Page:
The cardiac monitor comprises a transducer secured to the wearer and adapted to generate electrical pulse in response to each heart beat. The output from the transducer is fed to a rate logic circuit which generates an output signal representative of the heart beat pulse rate. The rate logic circuit output is stored in a second counter having its output connected to the second input of the multiplexer so that the heart beat pulse rate may be displayed via the multiplexer on the display means.
In addition, the heart beat rate is continuously contrasted with a pair of separated preset heart beat rate limits so that when the upper heart beat rate limit is exceeded, a high pulse rate indicator is activated.
It can thus be seen that the present invention provides a novel combination for both monitoring the heart beat pulse rate and providing a stop watch wherein both the pulse rate and the stop watch elapsed time may be displayed on a common display means. Moreover, the heart beat pulse rate is continuously compared with a pair of separated preset limits and appropriate indicators are activated when the heart beat rate falls below the lower preset limit or exceeds the upper preset limit thereby eliminating the necessity of periodically checking the cardiac monitor. Furthermore, as will become shortly apparent, the combination stop watch and cardiac monitor of the present invention is adapted to be worn about the wrist and totally contained within a single relatively small package which is now possible due to microelectronics.
A better understanding of the present invention will be had upon reference to the following detailed description when read in conjunction with the accompanying drawing wherein like reference characters refer to like parts throughout the several views, and in which:
FIG. 1 is a block circuit diagram showing the combination stop watch and cardiac monitor of the present invention,
FIG. 2 is a perspective view showing the combination stop watch and cardiac monitor mounted around the wrist of a wearer, and
FIG. 3 is a block circuit diagram showing an exemplary rate logic circuit for the cardiac monitor of the present invention.
Referring first to FIG. 2, the combination stop watch and cardiac monitor 10 is there shown mounted about the wrist 12 of a wearer by a strap 14. The device 10 includes a housing 16 which encases and supports the electronic components to be hereinafter described, and also includes a display means 18 such as a five digit LED or liquid crystal digital display.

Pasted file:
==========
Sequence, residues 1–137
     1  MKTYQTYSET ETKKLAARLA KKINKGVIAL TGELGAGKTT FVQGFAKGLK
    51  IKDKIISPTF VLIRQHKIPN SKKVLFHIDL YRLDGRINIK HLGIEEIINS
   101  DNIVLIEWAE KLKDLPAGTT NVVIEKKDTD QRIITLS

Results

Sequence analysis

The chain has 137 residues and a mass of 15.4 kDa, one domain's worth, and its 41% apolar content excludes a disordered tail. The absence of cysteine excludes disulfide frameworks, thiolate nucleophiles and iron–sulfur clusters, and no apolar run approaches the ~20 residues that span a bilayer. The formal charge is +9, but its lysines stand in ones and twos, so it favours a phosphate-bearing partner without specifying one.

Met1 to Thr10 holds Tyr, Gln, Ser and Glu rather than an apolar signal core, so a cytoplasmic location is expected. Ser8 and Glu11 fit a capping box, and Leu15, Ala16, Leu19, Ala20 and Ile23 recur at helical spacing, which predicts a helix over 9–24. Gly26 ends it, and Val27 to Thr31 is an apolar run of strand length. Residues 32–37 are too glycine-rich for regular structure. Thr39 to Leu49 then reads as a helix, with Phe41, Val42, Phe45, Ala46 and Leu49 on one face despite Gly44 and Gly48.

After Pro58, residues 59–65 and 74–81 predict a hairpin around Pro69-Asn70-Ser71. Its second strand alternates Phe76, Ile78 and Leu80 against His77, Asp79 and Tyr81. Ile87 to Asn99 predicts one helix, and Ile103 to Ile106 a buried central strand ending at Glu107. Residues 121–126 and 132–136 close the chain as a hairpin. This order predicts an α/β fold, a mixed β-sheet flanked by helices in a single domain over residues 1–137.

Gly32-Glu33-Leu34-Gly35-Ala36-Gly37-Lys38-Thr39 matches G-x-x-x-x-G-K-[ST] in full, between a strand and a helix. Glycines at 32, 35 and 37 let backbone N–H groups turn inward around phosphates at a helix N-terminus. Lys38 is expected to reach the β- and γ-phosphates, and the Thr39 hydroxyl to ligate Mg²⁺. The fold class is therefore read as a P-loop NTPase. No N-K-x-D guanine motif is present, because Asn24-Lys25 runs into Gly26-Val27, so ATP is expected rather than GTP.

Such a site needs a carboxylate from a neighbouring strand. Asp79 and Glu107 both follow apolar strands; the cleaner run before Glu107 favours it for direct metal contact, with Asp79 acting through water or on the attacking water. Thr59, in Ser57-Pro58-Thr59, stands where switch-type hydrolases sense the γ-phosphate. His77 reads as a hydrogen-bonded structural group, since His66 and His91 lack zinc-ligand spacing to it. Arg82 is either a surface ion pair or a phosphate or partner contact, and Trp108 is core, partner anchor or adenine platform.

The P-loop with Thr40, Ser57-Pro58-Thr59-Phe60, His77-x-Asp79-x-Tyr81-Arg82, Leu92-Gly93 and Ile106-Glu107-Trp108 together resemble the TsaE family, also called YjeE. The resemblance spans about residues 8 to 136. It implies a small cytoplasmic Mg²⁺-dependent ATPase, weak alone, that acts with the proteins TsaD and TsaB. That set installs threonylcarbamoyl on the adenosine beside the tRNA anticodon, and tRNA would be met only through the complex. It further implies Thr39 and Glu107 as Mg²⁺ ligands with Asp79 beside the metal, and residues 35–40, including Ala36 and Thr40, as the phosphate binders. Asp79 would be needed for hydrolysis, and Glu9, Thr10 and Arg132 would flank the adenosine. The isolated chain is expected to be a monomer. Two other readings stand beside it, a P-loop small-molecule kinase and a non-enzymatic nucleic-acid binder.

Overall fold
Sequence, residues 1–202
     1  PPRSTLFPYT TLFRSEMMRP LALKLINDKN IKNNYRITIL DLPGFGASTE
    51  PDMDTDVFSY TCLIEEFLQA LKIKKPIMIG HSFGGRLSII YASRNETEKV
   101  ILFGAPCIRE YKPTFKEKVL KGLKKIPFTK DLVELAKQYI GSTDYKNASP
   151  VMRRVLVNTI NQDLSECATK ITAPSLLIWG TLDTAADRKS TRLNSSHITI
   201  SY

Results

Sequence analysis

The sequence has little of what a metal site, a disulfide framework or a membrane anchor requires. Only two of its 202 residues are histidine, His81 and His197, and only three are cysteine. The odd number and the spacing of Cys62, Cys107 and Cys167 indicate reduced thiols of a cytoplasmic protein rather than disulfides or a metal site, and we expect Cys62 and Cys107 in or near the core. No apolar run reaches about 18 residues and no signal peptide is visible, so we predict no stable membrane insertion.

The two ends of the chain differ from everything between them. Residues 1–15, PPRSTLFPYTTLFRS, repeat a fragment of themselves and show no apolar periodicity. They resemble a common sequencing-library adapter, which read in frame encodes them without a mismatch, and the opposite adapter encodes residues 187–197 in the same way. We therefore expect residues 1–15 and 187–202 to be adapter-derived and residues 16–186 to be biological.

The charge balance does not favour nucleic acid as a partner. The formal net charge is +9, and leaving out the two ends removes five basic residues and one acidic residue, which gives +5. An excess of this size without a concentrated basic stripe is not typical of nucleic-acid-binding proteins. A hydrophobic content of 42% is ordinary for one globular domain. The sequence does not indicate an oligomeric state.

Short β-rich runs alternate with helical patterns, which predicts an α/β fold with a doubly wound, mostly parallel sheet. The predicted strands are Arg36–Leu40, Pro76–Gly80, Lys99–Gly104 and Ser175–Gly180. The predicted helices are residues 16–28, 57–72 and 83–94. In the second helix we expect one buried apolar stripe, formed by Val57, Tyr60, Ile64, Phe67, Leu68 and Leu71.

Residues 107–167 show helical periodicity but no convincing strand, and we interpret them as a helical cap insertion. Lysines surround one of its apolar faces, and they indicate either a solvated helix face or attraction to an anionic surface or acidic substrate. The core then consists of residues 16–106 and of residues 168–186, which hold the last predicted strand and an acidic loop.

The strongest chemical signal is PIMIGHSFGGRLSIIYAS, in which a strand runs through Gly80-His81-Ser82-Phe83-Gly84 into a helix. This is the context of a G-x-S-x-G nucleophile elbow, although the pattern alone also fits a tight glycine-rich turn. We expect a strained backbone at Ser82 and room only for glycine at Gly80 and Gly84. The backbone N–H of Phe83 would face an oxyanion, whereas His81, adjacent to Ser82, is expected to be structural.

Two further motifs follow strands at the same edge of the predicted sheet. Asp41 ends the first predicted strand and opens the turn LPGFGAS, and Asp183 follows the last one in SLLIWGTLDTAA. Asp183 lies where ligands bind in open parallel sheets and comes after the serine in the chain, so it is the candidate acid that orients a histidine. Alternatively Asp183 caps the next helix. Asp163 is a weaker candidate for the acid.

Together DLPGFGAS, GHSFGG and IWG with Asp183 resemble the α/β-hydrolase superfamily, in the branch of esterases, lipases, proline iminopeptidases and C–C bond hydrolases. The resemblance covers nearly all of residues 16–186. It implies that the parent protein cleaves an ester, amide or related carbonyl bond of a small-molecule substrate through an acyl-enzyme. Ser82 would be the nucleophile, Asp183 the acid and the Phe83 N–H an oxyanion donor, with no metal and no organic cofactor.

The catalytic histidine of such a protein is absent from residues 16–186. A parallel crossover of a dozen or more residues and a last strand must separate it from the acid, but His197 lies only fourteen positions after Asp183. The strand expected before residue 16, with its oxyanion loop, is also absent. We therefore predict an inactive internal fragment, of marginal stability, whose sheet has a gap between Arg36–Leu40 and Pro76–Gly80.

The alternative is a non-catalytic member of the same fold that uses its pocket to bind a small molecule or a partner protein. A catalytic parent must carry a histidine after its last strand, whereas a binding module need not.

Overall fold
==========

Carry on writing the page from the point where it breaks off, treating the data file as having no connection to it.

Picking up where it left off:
The circuit diagram for the combination stop watch and cardiac monitor 10 is illustrated in FIG. 1. For purposes of description only, the stop watch function will be described first and separately from the cardiac monitor.
As shown in FIG. 1 a clock 20 such as a mechanical tuning fork oscillator or an electronic oscillator provides a basic timing output for the stop watch and in particular preferably produces a 10 CPS pulse along a line 22 to an AND gate 24. The second input to the AND gate 24 is coupled to one output 25 from a start-stop flip flop 26. A switch 28 is provided externally of the housing 16 on the device 10 so that actuation of the switch 28 sets the flip flop 26 and output 25 to a high condition so that the clock signal on line 22 is gated through the AND gate 24 and into the input of a counter 30. The switch 28 is preferably a pushbutton switch and a subsequent depression of the pushbutton switch 28 will set the output 25 of the flip flop 26 to a low condition thereby disabling the AND gate 24. In this manner, assuming the count in the counter 30 was initially zero, it can be seen that the count in the counter 30 is representative of the elapsed time between the depressions of the pushbutton switch 28.
The output from the counter 30 is fed through a multiplexer 32 in a manner to be later described to a decoder/driver 34, such as a seven segment display decoder. The output from the decoder/driver 34 in turn is fed to a display means 36, such as a five digit LED or liquid crystal display. As illustrated, the display means 36 is further divided into a higher order display 38 which is directly connected to the decoder/driver 34, and a lower order display 40 which is coupled via a three input AND gate 42 to the decoder/driver 34. One input of the AND gate 42 is coupled to the other output of the start/stop 26 so that the lower order display 40 is illuminated only when the second output 27 of the flip flop 26 is in a high condition, or in other words, when the AND gate 24 is disabled. This particular construction has proven desirable since the lower order displays 40 preferably display the elasped time in tenths of a second. Consequently, the display would be unreadable while the stop watch is "running" and the AND gate 42 therefore turns off the lower order display 40 when the stop watch is running to conserve power and elongate the life of the battery.
The stop watch, of course, includes a reset pushbutton switch 44 which upon actuation sets the start/stop flip flop to its stop condition and simultaneously resets the stop watch counter 30.